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Interview

Andy Milnes, CEO, Integrated Supply & Trading, BP, Eastern Hemisphere

09.07.2014 / Energyboardroom

With BP celebrating its 50th anniversary in Singapore in 2014, Andy Milnes, CEO Integrated Supply & Trading, Eastern Hemisphere, discusses the Group’s activities in Singapore and the region as a local partner with a global reach that can support project and infrastructure growth in Asia. Milnes’ details his efforts to foster technical diversity and promote an innovative culture, as well as how his previous experience as CEO Integrated Supply & Trading, Western Hemisphere, has influenced his current position.

What were the strategic motivations and objectives behind your recent reassignment from the Americas side of IST operations to Singapore and what does that tell us about the strategic importance of the region to the group’s global operations?

It is rare in an organization like BP for two senior executives to swap their positions. BP’s Integrated Supply & Trading business is of such a scale that it provides us with a great opportunity to maintain a degree of continuity. By swapping our respective roles, we are able to re-introduce a new stimulus and a new face without making significant changes by introducing outside leadership. Both our regions, the western and eastern hemispheres, have enjoyed great momentum thus far and we wanted to maintain that. This small organizational shack-up could even accelerate both geographies.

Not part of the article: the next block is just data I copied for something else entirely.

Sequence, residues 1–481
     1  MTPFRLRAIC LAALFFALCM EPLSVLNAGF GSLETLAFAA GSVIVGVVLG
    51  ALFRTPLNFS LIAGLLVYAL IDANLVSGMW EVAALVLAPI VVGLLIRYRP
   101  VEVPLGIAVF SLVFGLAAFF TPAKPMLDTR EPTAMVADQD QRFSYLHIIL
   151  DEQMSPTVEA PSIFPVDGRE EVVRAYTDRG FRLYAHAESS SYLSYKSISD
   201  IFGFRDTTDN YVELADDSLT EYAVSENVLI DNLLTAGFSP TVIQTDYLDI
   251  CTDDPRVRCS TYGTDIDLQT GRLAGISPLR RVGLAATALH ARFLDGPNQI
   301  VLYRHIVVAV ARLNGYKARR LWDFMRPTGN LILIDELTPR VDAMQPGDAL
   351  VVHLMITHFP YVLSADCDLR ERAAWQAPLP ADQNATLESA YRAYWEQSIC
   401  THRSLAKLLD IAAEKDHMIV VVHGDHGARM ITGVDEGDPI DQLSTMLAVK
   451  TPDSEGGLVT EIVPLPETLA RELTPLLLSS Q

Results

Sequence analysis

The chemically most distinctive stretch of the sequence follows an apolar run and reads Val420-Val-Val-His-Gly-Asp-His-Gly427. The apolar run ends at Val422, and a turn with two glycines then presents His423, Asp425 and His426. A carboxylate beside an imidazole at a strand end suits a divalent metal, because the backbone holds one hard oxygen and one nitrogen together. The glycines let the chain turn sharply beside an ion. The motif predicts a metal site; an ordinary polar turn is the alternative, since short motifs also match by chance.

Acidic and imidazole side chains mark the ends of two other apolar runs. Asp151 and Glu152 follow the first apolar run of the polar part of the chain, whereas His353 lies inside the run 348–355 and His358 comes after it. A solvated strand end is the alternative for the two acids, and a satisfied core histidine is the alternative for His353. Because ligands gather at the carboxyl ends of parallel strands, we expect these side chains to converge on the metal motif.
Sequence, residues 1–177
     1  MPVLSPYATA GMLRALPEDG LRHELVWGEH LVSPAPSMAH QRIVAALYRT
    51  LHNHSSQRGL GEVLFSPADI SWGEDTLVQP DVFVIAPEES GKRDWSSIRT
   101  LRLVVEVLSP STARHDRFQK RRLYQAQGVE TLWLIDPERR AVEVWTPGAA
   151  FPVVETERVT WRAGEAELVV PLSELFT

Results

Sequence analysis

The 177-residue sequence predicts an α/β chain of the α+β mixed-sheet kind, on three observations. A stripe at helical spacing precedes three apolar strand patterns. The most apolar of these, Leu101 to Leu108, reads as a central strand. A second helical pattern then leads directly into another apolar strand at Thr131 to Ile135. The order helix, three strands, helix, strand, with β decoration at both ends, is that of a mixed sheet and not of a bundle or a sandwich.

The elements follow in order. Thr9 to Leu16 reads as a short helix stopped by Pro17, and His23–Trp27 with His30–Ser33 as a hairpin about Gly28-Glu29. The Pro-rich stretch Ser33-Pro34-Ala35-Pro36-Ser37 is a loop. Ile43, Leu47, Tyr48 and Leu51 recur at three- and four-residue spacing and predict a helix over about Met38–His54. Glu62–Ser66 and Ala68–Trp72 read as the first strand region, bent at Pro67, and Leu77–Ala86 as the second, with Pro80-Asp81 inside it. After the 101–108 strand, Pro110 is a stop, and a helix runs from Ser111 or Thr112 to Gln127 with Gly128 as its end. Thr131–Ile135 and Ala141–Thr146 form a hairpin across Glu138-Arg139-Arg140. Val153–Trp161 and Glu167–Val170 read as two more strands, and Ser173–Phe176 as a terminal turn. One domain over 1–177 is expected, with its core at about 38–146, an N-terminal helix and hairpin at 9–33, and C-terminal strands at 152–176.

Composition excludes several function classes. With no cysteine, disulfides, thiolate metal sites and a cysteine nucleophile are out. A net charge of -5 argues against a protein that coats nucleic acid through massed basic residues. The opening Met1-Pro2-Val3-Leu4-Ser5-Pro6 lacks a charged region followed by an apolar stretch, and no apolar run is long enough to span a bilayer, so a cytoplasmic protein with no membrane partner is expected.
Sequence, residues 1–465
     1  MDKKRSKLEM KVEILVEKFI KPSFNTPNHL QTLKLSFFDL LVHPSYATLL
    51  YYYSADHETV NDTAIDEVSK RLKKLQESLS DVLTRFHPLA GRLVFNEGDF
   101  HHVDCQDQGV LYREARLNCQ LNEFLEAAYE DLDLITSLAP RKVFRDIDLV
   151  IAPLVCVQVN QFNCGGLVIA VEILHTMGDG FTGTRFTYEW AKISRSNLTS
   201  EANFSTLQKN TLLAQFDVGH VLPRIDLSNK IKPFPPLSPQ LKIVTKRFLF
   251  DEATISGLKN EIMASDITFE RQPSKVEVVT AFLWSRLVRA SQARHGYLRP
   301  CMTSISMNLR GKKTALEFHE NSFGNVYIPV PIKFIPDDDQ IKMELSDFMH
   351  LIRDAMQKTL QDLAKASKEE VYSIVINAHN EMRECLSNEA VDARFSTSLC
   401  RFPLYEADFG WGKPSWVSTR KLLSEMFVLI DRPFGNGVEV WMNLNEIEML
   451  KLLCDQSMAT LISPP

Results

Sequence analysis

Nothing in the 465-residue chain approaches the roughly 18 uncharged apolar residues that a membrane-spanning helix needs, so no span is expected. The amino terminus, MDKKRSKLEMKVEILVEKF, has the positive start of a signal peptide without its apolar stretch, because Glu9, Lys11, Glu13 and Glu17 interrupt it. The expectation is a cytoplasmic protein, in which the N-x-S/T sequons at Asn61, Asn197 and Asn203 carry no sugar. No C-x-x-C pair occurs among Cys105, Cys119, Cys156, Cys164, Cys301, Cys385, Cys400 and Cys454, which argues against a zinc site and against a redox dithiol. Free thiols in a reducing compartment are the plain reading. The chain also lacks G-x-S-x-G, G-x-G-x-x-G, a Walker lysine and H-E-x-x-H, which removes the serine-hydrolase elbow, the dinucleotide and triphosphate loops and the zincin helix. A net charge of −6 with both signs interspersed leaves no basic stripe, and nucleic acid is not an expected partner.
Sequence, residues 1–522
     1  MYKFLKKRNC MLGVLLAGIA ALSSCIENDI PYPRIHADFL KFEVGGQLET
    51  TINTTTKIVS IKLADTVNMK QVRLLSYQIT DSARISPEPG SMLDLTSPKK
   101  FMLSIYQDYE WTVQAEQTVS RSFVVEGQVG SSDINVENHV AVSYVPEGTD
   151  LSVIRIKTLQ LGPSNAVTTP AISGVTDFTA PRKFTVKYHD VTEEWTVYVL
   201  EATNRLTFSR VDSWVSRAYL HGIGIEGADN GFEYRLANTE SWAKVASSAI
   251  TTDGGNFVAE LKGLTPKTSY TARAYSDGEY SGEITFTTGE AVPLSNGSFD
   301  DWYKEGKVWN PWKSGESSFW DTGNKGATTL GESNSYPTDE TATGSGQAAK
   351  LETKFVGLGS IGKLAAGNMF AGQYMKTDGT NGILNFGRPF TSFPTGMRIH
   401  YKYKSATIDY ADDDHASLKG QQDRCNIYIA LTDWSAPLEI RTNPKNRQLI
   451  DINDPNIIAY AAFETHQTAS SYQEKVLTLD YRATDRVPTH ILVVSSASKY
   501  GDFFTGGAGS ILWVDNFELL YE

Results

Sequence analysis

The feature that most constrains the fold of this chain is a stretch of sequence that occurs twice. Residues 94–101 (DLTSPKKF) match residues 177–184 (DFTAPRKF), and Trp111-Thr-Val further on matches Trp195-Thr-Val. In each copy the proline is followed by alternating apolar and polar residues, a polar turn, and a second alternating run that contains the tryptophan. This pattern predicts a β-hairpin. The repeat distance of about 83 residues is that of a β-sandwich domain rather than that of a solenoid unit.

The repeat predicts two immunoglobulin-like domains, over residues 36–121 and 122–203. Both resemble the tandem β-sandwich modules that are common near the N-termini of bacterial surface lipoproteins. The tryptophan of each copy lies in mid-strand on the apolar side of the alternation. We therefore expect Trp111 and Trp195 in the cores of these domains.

My experience in the west had taught me that the trading business in the oil and gas space is very transactional, particularly in the US. Deals can be executed through instant messages and emails, without ever meeting your counterparty. However, as we expanded our business in Latin America, we realized that proximity counts. Spending time with the customers and building a relationship with them is critical. Heading to take over the western hemisphere of IST, my colleague, Clive Christison, brings a lot of that relationship building expertise and a particular understanding of the customer facing aspects of the business.

On the other hand, during my time in the US, I was able to advance the project and infrastructure growth sweeping the country and region. We believe Asia is heading in that same direction and so wanted to position ourselves to effectively capture that growth.

Overall, it was a great time to make that switch and we are hopeful our respective organizations have a strong sense of continuity as a result of that. As the future prospects of flows coming out of the US to go east continue to grow, this exchange allows BP IST to get at the forefront of these developments and assessing how these will impact future flows and dynamics.

Given your experiences, how would you compare and contrast the trading business and regulatory environments in Singapore (and the greater region) with that of the Americas?

Oil regulators do have a very tough job to do, but it is made much easier when they have a vision of what they are trying to achieve. As long as that vision is aligned with creating transparent liquid markets that enables buyers and sellers to come together and agree on a fair price, the regulatory process should be rather straight forward. We sometimes see other ulterior motives around the aversion or dislike to speculators, open interest or derivatives, for instance, which are inherently not real objectives to begin with. The challenge for many regulators is achieving that balance.

I do believe that the Monetary Authority of Singapore (MAS) and International Enterprise (IE) are doing their very best to introduce into Singapore the international industry’s best practices to create a dynamic and transparent regulatory environment. Their efforts have resulted in an ecosystem that encourages and attracts business, while not limiting the scope of risk management activities.